A medial view of the Brooks Cascadia 17.

Brooks Cascadia 17 Outsole

The Brooks Cascadia 17 TrailTack outsole has been updated to what’s now called TrailTack Green Rubber, made with 25% recycled content and designed to provide versatile traction on wet and dry surfaces.

While testing these shoes, I was delighted to discover that the 4.5-millimeter lugs are oriented to mimic the anatomy of mountain-goat hooves for traction. While I failed to convince my favorite backyard goat to take them for a spin, turns out the lugs and her hooves do in fact look a lot alike. I plan to race her up our local peak erelong to further test just how well Brooks executed this marvelous little source of inspiration.

Brooks Cascadia 17 - goat approved

The Brooks Cascadia 17 is goat approved. Photo: iRunFar/Annie Behrend

The forefoot outsole is split in order to provide better grip on uneven surfaces. I’ve had the pleasure of running on most surfaces in the Cascadia 17 without any slip and slide of note. Their snow exposure has been pretty limited to the higher elevation residual June drifts and nothing extensive; I would likely return to my quiver for something a bit more aggressive if planning to run for a prolonged period on snow.

Circling back to Brooks’s efforts to create a shoe suitable for “any trail,” I would also argue that the Cascadia 17 is plenty comfortable to take on and off road if your commute to the trail requires a bit of pavement.

Brooks Cascadia 17 - outsole

The outsole of the Brooks Cascadia 17.

Brooks Cascadia 17 Overall Impressions

Any version of the Brooks Cascadia — including the Brooks Cascadia 17 — will no doubt always be a reasonably safe option; the company’s efforts to deliver versatility and comfort through this shoe’s many iterations have consistently meshed with my running style.

I’ve historically valued the Cascadia like a trustworthy commuter car, reliably fit for most terrain and a price point that most are willing to pay for. The effort of accurately predicting conditions and choosing the perfect trail shoe has one of my running buddies simply throwing up her hands and reverting back to her favorite cushioned road shoes to run all the things. While they’re not as fluffy as my marshmallow shoes, as stealthy or aggressive on the outsole as my technical trail and mud shoes, as great on snow as my studded shoes, or as flexible as my road shoes, they are one pair of shoes that can run on most surfaces well.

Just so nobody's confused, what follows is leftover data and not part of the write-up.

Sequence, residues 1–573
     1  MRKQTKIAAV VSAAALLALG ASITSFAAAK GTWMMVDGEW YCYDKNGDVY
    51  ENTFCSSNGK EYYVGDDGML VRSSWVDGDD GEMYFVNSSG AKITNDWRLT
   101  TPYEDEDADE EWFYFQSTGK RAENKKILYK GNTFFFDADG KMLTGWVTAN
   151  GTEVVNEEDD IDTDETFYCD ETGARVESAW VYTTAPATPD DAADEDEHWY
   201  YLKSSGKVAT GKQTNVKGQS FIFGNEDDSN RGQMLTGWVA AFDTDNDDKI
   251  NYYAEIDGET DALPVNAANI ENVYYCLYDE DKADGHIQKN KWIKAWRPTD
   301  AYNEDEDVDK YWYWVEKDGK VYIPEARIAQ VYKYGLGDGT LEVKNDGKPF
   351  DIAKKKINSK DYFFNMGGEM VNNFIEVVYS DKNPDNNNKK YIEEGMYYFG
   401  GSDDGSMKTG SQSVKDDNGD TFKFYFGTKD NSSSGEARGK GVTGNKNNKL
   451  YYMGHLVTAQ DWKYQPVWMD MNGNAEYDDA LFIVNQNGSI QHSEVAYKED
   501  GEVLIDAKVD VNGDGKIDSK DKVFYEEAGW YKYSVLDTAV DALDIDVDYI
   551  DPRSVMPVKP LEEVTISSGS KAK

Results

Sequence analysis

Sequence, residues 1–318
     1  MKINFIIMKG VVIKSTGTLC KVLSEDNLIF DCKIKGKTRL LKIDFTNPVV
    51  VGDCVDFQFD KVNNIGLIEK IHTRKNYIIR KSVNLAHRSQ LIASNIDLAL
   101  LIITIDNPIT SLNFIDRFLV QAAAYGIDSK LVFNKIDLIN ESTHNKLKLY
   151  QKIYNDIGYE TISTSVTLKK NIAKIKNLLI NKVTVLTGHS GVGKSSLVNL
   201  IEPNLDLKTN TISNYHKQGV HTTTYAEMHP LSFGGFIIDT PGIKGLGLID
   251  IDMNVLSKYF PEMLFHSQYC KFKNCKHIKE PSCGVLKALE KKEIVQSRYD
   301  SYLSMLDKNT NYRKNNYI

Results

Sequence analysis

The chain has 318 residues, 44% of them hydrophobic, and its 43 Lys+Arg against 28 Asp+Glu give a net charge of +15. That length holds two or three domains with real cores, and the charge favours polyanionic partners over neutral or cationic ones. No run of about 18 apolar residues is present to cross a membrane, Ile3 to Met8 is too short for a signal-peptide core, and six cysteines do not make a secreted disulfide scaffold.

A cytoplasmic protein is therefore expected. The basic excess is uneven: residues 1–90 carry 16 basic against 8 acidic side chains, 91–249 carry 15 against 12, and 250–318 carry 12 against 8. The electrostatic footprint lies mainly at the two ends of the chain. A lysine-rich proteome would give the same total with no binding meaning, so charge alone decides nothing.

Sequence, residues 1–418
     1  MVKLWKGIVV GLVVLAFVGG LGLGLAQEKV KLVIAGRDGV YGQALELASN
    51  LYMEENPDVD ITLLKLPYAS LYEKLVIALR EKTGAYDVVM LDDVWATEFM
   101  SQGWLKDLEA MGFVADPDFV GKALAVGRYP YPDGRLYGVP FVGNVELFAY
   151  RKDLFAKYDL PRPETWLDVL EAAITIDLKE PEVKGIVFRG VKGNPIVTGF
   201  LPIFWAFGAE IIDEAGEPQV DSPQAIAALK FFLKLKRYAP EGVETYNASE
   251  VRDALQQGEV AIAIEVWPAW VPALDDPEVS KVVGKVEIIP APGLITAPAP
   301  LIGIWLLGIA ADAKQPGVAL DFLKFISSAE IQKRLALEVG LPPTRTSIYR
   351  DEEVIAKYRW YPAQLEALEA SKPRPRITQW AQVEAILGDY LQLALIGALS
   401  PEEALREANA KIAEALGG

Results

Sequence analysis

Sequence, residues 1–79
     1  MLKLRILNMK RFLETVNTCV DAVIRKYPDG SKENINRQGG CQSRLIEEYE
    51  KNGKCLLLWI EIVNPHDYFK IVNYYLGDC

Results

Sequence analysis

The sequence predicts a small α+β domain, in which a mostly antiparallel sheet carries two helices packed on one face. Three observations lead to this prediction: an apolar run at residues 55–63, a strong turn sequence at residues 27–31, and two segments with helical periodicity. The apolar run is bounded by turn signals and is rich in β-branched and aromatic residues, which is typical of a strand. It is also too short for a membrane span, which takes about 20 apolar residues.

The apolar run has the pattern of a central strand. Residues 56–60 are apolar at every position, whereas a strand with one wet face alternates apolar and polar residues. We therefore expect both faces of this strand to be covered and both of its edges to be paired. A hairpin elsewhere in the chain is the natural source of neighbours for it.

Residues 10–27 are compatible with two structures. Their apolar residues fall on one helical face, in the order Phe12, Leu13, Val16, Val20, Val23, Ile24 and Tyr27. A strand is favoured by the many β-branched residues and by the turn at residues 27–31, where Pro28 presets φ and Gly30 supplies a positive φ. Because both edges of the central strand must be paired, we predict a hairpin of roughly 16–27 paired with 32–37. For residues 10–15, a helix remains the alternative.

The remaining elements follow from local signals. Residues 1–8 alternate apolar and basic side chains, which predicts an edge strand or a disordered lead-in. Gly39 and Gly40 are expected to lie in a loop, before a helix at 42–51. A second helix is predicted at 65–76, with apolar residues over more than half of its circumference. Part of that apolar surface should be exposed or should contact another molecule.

If you’re in the market for simplicity, these may be worth your while.

Do check out our Best Trail Running Shoes guide, to see why we’ve named this one of the top trail running shoes and see how we compare the Brooks Cascadia 17 to other top shoes on the market.

Shop the Women's Brooks Cascadia 17Shop the Men's Brooks Cascadia 17

Call for Comments

  • Brooks Cascadia afficionados, weigh in with your thoughts on the Brooks Cascadia 17!
  • How do you compare the Cascadia 17 with prior versions?

[Editor’s Note: If you’re affiliated (i.e., an employee, ambassador, etc.) with a brand, please share your relation in each of your comments on this article. Thanks!]

Our Favorite Trail Running Shoes

Check out our Best Trail Running Shoes article to learn about our current favorite trail running shoes!

Brooks Cascadia 17 - top view

A top view of the Brooks Cascadia 17.

Annie Behrend

Annie Behrend is a gear reviewer for iRunFar. She’s been writing about running gear since 2020. Aside from iRunFar, she’s authored and co-authored nutrition and fueling-related publications in research journals. As a registered dietitian and ultrarunner, she’s worked one-on-one with athletes, primarily runners, since 2013 to optimize performance via fueling and hydration. Based in temperate southern Oregon, Annie has year-round access to marvelous trail systems and public lands that she shares with more wildlife than she does people … the perfect paradise.


×